Ever since Windows 10 hit PCs around the world last week, there’s been a brewing controversy over one of its marquee features: Wi-Fi Sense, which is designed to make it easier for Windows users to log into Wi-Fi networks. On by default, it lets you share access —in the form of the router name and password, both encrypted — to a Wi-Fi router with your friends and contacts on Facebook, Outlook.com, and Skype. Your friends, in turn, can share their access to other networks with you.
For some, this could be a handy feature. For others, it could sound like a security nightmare. Handy or hazardous? Here’s what we know about it.
What is it?
As noted, Wi-Fi Sense is a feature in Windows 10 that lets you share the login credentials — network name and password — for your home or other Wi-Fi router with friends and contacts. Crucially, it does so without letting them see the actual password (see below). It also lets you automatically connect to open Wi-Fi networks.
How does it work?
That last part — automatically connecting to open networks — is pretty straightforward: Microsoft has a database of open Wi-Fi networks (typically public routers that don’t require a password); that database is crowd-sourced from other Windows users. If you come within range of one of those networks, your Windows device will connect to it automatically.
Wi-Fi Sense’s other feature — the ability to share access to Wi-Fi networks — is a bit more complex: When Wi-Fi Sense is activated (and, again, it’s turned on by default), Windows 10 will offer you the option of sharing the login credentials every time you connect to a new router. You can also share access to previously saved Wi-Fi networks.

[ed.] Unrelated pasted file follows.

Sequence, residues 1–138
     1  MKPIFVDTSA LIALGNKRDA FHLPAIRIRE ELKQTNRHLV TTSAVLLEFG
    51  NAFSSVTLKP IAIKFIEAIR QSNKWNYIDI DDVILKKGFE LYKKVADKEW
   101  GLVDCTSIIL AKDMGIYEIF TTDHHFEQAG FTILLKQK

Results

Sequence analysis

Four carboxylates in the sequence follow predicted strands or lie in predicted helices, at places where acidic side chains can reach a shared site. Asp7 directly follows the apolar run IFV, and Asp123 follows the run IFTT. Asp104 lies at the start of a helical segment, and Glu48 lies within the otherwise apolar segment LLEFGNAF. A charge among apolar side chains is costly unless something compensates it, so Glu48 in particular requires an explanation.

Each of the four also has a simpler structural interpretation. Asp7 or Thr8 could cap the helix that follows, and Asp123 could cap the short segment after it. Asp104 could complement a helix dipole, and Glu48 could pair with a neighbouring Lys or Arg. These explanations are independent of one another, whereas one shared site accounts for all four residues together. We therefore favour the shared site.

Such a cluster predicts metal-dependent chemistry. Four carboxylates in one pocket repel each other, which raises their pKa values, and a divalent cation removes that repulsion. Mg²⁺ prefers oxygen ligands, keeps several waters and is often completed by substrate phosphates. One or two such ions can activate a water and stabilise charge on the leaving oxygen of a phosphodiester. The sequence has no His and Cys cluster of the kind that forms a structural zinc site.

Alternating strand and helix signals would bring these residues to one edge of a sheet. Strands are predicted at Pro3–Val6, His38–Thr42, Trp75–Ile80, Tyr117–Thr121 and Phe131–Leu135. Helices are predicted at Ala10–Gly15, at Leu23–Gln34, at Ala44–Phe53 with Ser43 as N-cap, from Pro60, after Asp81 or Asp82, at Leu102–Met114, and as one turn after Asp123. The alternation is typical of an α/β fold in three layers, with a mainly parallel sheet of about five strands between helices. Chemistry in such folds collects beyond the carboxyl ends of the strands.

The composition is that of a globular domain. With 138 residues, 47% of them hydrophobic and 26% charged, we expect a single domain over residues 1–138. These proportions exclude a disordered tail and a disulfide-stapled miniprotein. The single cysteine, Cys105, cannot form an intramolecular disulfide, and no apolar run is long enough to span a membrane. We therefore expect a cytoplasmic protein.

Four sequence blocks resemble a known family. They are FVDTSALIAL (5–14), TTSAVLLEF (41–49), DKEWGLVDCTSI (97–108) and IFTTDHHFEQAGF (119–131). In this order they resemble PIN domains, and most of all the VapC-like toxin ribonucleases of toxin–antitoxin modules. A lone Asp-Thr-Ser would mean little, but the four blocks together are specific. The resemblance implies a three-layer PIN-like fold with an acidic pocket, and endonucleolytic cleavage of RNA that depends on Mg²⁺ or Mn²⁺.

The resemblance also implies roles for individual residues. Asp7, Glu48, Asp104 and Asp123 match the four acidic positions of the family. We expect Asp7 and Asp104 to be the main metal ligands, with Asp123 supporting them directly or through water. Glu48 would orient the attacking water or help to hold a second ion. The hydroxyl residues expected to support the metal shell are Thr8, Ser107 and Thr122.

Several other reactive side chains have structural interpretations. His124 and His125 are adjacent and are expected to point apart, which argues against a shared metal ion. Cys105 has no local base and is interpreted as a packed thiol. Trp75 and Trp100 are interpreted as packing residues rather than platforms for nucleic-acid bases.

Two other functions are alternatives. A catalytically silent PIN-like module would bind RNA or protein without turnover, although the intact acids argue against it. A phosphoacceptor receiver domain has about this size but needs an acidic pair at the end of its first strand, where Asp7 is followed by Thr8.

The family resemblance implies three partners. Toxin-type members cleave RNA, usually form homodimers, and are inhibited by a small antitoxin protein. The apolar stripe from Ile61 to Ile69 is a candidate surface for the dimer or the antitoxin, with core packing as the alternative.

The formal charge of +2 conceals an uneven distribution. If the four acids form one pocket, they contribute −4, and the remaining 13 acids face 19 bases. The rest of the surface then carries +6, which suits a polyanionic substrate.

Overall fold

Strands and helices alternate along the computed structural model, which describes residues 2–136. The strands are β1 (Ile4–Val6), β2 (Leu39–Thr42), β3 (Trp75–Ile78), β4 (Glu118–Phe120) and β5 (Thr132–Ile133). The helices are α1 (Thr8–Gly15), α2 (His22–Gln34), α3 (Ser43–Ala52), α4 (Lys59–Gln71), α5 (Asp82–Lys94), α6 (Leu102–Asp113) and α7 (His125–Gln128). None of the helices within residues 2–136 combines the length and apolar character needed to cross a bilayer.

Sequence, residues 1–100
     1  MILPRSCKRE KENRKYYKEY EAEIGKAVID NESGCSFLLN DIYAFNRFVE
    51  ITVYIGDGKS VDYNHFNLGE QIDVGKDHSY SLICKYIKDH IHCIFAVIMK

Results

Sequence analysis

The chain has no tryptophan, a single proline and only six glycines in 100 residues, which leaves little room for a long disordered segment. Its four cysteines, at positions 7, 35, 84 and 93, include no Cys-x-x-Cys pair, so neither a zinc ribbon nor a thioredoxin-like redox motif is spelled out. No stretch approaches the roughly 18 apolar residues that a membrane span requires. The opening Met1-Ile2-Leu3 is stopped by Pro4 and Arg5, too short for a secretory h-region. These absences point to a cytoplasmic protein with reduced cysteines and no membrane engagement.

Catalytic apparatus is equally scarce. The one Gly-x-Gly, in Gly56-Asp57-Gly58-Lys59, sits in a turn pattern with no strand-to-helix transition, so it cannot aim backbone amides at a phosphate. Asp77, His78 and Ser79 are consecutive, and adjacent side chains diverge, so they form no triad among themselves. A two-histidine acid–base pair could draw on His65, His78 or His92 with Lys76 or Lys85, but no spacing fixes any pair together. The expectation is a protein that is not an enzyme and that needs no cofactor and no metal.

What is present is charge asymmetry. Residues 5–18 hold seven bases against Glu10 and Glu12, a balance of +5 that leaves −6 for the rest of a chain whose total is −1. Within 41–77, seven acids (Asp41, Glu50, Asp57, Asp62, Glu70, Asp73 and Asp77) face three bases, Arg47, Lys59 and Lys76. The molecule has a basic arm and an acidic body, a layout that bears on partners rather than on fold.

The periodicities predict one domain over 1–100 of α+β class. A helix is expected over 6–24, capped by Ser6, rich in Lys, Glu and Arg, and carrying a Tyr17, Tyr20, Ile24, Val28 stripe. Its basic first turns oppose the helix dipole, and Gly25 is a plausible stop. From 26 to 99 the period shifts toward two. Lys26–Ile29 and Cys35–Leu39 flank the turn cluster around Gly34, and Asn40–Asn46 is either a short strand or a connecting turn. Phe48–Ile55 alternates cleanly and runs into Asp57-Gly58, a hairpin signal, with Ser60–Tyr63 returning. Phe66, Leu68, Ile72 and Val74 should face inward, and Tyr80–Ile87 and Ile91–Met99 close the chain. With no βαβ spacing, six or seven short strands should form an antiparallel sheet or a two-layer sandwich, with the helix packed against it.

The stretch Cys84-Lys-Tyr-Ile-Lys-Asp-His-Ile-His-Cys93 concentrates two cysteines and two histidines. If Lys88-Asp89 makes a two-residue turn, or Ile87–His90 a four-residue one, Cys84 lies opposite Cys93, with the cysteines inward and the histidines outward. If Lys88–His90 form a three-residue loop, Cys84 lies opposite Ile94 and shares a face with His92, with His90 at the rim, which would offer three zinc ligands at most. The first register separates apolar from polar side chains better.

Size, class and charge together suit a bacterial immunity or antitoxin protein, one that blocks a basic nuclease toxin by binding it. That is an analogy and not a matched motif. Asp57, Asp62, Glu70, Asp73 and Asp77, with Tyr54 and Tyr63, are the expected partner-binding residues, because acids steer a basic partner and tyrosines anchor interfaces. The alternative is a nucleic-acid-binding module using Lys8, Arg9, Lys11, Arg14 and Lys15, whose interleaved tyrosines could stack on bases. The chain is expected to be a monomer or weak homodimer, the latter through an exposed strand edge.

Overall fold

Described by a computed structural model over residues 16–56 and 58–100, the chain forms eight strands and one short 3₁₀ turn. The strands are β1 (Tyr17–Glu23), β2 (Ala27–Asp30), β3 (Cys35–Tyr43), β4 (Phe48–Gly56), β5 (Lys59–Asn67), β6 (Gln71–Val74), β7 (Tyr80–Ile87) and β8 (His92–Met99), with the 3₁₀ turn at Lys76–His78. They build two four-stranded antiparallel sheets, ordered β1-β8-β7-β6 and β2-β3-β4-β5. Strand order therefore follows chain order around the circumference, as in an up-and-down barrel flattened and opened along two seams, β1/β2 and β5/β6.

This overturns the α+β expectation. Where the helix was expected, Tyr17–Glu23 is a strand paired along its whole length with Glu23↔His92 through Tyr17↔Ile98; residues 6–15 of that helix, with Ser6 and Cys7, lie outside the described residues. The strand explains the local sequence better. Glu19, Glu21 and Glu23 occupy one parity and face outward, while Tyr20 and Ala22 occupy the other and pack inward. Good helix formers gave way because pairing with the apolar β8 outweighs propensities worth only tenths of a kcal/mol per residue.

Once you choose to share access to a given network via Wi-Fi Sense, Microsoft encrypts the credentials and pulls them up to the company’s servers over an encrypted connection.
Next, Microsoft distributes those access details (still encrypted) to contacts of yours who are running Windows 10 on PCs, tablets, or smartphones. If those friends ever come within range of the router for which you’ve shared access, Windows 10 will automatically connect them — without ever letting them see the actual credentials.
There’s one last catch: You can’t receive a Wi-Fi Sense login from your contacts until you share access to at least one router yourself.
How do I turn it on or off?
For Windows 10 PCs, click on the Start button in the lower left-hand corner and select the Settings app. Next navigate to Network & Internet > Wi-Fi. Now scroll down towards the bottom of the screen and select Manage Wi-Fi settings.
On the next screen, under Connect to Suggested Open Hotspots, you can enable (or disable) automatic connections to open hotspots. If you want to receive Wi-Fi network login details from your friends, go to Connect to Networks Shared by My Contacts on the same screen.
You need to have that setting turned on first before you can share any of your saved Wi-Fi credentials. Assuming you’ve done so, go to For Networks I Select, Share Them With My and select the contact lists you want to share with: Facebook, Outlook.com, and/or Skype.
Next, scroll down until you see the names of your saved Wi-Fi networks under the Manage Known Networks heading. Click on the name of the router whose credentials you want to share and click the Share button. You’ll then be asked to re-enter the Wi-Fi password before it can be shared.
To stop sharing, click on the same router name and select the Stop Sharing button.
In both cases, Microsoft says it may take a few days to distribute or erase shared access for a given router among your contacts.
Why would Microsoft implement such a thing?
Making it easier to connect to open Wi-Fi networks is already a common feature available on some mobile devices.